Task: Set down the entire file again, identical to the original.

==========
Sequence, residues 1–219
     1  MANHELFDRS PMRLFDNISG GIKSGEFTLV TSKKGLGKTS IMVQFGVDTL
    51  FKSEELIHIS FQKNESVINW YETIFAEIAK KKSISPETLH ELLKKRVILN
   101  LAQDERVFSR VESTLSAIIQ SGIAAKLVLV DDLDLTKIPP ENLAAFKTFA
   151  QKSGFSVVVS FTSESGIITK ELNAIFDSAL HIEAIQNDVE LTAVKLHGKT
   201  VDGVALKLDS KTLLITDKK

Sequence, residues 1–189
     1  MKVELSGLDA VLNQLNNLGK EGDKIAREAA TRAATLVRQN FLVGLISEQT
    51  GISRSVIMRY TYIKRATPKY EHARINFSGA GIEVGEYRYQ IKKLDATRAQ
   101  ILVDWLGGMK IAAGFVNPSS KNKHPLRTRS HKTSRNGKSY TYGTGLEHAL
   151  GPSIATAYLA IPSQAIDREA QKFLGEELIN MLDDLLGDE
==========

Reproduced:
Sequence, residues 1–219
     1  MANHELFDRS PMRLFDNISG GIKSGEFTLV TSKKGLGKTS IMVQFGVDTL
    51  FKSEELIHIS FQKNESVINW YETIFAEIAK KKSISPETLH ELLKKRVILN
   101  LAQDERVFSR VESTLSAIIQ SGIAAKLVLV DDLDLTKIPP ENLAAFKTFA
   151  QKSGFSVVVS FTSESGIITK ELNAIFDSAL HIEAIQNDVE LTAVKLHGKT
   201  VDGVALKLDS KTLLITDKK

Sequence, residues 1–189
     1  MKVELSGLDA VLNQLNNLGK EGDKIAREAA TRAATLVRQN FLVGLISEQT
    51  GISRSVIMRY TYIKRATPKY EHARINFSGA GIEVGEYRYQ IKKLDATRAQ
   101  ILVDWLGGMK IAAGFVNPSS KNKHPLRTRS HKTSRNGKSY TYGTGLEHAL
   151  GPSIATAYLA IPSQAIDREA QKFLGEELIN MLDDLLGDE